Only half of FTSE 100 firms disclose their carbon footprint

Only 52 of the FTSE 100 companies disclose their carbon footprint in their annual report according to a league table published yesterday. Supermarket Marks and Spencer topped the latest carbon […]

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By Vicky Ellis

Only 52 of the FTSE 100 companies disclose their carbon footprint in their annual report according to a league table published yesterday.

Supermarket Marks and Spencer topped the latest carbon ranking of FTSE firms by Carbon Clear for the second year running.

But the results suggest not all of the country’s 100 largest, most actively traded companies on the London stock exchange are as open when it comes to greenhouse gas emissions.

That’s despite the fact new rules came into force yesterday demanding roughly 1000 UK listed companies must put their global greenhouse gas emissions into their annual report.

What’s more the research shows only 29 companies have carbon targets to or beyond 2020. However two-fifths (41%) of firms showed evidence they are willing to go beyond just reporting their emissions and are looking at ways to mitigate risk and adapt to prepare for climate change.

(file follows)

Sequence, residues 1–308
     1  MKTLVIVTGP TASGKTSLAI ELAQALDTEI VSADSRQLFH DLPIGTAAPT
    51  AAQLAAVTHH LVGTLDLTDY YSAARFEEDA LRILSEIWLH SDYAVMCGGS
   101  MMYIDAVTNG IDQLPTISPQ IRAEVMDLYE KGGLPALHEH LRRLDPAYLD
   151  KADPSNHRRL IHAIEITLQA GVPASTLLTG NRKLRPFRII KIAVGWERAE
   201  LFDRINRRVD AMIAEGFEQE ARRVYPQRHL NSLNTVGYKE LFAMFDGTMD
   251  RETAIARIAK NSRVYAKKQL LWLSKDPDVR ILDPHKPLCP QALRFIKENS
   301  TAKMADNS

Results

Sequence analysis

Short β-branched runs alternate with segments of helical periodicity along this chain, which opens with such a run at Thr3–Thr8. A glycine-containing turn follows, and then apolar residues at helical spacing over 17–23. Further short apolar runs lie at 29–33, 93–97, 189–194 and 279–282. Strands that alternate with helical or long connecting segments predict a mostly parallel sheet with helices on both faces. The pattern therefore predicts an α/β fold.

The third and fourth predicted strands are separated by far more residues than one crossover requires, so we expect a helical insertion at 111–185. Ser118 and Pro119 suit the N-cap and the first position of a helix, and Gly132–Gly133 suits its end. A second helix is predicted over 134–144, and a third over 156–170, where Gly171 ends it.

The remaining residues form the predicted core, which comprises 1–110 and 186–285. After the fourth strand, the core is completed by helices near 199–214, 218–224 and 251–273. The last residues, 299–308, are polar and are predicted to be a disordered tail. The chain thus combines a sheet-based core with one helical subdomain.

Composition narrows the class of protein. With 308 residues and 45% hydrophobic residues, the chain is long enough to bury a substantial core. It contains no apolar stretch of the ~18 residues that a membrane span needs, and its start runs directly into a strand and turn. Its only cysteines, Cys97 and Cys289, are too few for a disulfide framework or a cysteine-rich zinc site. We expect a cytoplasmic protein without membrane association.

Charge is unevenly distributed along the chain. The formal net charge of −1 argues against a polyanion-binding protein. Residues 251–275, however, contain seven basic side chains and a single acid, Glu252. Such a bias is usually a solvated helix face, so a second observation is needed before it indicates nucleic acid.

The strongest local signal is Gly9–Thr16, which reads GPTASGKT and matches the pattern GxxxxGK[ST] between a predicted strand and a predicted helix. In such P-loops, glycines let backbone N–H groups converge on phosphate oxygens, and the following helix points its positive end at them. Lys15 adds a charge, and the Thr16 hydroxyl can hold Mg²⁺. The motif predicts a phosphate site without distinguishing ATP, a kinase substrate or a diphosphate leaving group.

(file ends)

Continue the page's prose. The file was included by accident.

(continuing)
To compile the ranking, Carbon Clear scored publicly available information from each company against 65 criteria.

Mark Chadwick, Chief Executive of Carbon Clear said: “It’s no secret that Marks and Spencer have a well-developed carbon management programme but it’s a real achievement that the company continues to innovate and be a best practice leader for a second year.”

Behind M&S in the top of the table were telecoms giant BT and transmission firm National Grid. Also in the top of the table were supermarket Sainsbury’s, insurers Aviva, brand house Unilever, publishers Reed Elsevier, TUI Travel and broadcasting business BSkyB.

The property firm British Land, Costa Coffee owner Whitbread and the banks Barclays and HSBC were also high scorers.

For the third year in a row, supermarkets scored the highest average scores while the transport and logistics sector scored the lowest average scores in 2013.

Mr Chadwick added: “Companies will not be able to hide poor disclosure performance and we believe that the best practice identified through our research signposts the way to better reporting.”